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Meli'sa Morgan

R&B singer Meli’sa Morgan was born on December 6, 1964 in Queens, New York. She began her singing career at the early age of nine years old as a member of the Starlets of Corona gospel choir. She went on to study music and theatre at The Juilliard School Performing Arts Conservatory in New York.

In 1978, a fourteen-year-old Morgan released her debut single “I’m In The Prime Of Love” on Stang Records with the funk group Business Before Pleasure. Morgan next joined Shades of Love; and, in 1982, the group’s track “Body to Body (Keep in Touch) charted on the Billboard Hot Dance Club Play chart. That year, disco producer Jacques Fred Petrus asked Morgan to join his new studio group, High Fashion. The group’s song “Feelin’ Lucky Lately” charted on U.S. Black Singles. It was their sole hit, and Morgan soon left the group to sing back-up with the likes of Chaka Khan, Whitney Houston, and Melba Moore. In 1986, Morgan released her solo debut album Do Me Baby on Capitol Records. The title track, her cover of the Prince original, topped R&B charts for three weeks. Her 1987 duet with Kashif was released on her album, Good Love, and served as the title track of Kashif’s Love Changes. In 1990, she returned to Capitol with The Lady In Me. Her 1992 release with Pendulum Records, Still in Love with You, included her cover of Al Green’s “I’m Still in Love with You.” In 2005, Morgan wrote and sang background for Mary J. Blige’s song “Good Woman Down,” which was featured in Tyler Perry’s film I Can Do Bad All by Myself. The next year, she released her fifth solo album I Remember on Orpheus Records; Valerie Simpson played piano on Morgan’s rendering of Ashford & Simpson’s Motown hit “Ain’t Nothing Like the Real Thing.” Morgan also teamed up with Freddie Jackson to record the classic song “Back Together Again.” In 2014, Morgan collaborated with fellow 1980s R&B stars Cheryl Pepsii Riley and Full Force on “Thank You for Leaving Me.” She was also nominated for a Soul Train Music Award for “In the Mood to Take It Slow,” her collaboration with jazz artist Najee. Morgan was the subject of a 2015 episode of TVOne’s Unsung; and, in 2016, released her new single, “So Good,” and signed a contract with Cleopatra Recards. Morgan has writing credits on most of her songs, which have been remixed and sampled by Junior Vazquez, Mary J. Blige, Cool Million and others. She continues to tour in the United States and abroad, and released the album Love Demands in 2018.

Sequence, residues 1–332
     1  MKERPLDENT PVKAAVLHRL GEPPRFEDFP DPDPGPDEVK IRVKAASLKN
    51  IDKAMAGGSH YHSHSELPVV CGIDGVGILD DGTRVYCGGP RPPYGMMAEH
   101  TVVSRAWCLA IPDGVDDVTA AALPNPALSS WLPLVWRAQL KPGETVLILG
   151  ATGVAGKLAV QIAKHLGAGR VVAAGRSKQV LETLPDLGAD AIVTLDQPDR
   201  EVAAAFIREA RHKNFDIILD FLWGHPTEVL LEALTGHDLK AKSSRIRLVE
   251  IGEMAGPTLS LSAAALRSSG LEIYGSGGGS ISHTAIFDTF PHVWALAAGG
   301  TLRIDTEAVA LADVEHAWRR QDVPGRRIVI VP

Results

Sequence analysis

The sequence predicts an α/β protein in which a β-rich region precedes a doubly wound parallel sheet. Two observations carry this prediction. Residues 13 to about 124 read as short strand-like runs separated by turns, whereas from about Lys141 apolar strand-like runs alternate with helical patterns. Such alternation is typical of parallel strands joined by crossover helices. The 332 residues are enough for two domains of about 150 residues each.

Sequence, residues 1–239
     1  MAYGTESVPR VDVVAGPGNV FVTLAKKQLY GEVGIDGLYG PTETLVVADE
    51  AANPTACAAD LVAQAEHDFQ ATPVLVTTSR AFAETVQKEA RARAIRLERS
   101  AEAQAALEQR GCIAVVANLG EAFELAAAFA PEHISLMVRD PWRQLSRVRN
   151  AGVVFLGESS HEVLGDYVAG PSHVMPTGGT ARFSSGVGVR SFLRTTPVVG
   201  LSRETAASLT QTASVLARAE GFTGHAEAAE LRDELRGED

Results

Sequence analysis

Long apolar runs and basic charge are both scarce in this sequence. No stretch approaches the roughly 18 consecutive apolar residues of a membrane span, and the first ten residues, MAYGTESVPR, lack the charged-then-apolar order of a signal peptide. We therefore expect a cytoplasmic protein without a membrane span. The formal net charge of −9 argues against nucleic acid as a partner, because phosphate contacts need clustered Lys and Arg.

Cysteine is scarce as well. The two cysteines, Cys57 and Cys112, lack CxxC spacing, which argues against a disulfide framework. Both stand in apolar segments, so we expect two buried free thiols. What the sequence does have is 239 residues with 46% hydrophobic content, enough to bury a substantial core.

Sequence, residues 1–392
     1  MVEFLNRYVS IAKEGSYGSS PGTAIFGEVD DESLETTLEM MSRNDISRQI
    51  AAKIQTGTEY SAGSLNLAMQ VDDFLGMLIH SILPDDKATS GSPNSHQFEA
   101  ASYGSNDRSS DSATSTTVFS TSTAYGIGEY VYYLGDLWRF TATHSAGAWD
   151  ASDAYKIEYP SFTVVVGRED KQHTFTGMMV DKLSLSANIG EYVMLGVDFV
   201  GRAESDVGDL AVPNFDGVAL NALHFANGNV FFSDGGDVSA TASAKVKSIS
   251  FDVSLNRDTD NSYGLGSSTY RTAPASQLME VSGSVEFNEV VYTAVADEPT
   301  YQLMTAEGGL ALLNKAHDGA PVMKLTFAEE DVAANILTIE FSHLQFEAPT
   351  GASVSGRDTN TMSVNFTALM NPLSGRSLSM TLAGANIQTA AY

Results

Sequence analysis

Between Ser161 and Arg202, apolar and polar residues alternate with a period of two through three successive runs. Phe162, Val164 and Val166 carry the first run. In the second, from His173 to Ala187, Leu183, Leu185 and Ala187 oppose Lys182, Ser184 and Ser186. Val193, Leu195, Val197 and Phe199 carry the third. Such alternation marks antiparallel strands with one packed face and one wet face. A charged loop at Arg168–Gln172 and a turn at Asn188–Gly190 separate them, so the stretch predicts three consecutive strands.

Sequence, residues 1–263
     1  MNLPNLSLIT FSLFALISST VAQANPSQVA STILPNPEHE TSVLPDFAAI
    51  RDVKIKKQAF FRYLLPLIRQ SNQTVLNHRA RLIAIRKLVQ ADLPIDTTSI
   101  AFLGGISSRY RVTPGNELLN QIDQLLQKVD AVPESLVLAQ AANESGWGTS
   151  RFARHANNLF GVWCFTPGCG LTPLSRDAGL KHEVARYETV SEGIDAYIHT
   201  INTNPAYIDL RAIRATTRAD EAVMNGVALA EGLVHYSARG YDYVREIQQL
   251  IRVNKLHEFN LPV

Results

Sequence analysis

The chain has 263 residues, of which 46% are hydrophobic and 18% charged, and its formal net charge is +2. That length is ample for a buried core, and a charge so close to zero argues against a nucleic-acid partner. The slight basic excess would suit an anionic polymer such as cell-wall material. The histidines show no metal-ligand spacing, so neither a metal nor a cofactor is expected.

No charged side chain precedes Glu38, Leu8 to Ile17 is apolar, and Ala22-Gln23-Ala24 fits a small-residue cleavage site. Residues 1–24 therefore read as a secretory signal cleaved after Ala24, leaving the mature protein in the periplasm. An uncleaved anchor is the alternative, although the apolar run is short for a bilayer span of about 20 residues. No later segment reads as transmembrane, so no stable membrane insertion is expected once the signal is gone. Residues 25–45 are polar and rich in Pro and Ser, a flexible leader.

Meli’sa Morgan was interviewed by The HistoryMakers on September 23, 2016.

Accession Number

A2016.027

Sex

Female

Interview Date

9/23/2016

Last Name

Morgan

Maker Category
Marital Status

Single

Middle Name

Melissa

Occupation
Schools

P.S. 143 Louis Armstrong School

I.S. 61 Leonardo Da Vinci

I.S. 73 The Frank Sansivieri Intermediate School

John Bowne High School

The Juilliard School

First Name

Joyce

Birth City, State, Country

Queens

HM ID

MOR16

Favorite Season

None

State

New York

Favorite Vacation Destination

Aruba

Favorite Quote

The First Law Of Nature Is Self Preservation.

Bio Photo
Speakers Bureau Region State

New York

Birth Date

12/6/1960

Birth Place Term
Speakers Bureau Region City

New York

Country

United States

Favorite Food

Seafood

Short Description

R&B singer Meli’sa Morgan (1964 - ) began her vocal career in 1979 with Business Before Pleasure, and went on to sing back-up with the likes of Chaka Khan, Whitney Houston, and Melba Moore. She released six studio albums.

Employment

Army Recruiters Office

New York Hospital

Chase Bank

Hush Productions

Capitol Records

Electra Records

Pendulum Records

Orpheus Records

RFC Records

Favorite Color

Red

Timing Pairs
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DAStories

Tape: 1 Story: 1 - Slating of Meli'sa Morgan's interview

Tape: 1 Story: 2 - Meli'sa Morgan lists her favorites

Tape: 1 Story: 3 - Meli'sa Morgan describes her mother's family background

Tape: 1 Story: 4 - Meli'sa Morgan describes her father's family background

Tape: 1 Story: 5 - Meli'sa Morgan talks about how her parents met

Tape: 1 Story: 6 - Meli'sa Morgan describes her earliest childhood memory

Tape: 1 Story: 7 - Meli'sa Morgan lists her siblings

Tape: 1 Story: 8 - Meli'sa Morgan describes the sights and smells of her childhood

Tape: 1 Story: 9 - Meli'sa Morgan recalls her early interest in music

Tape: 1 Story: 10 - Meli'sa Morgan remembers her early education

Tape: 1 Story: 11 - Meli'sa Morgan recalls joining the Starlets of Corona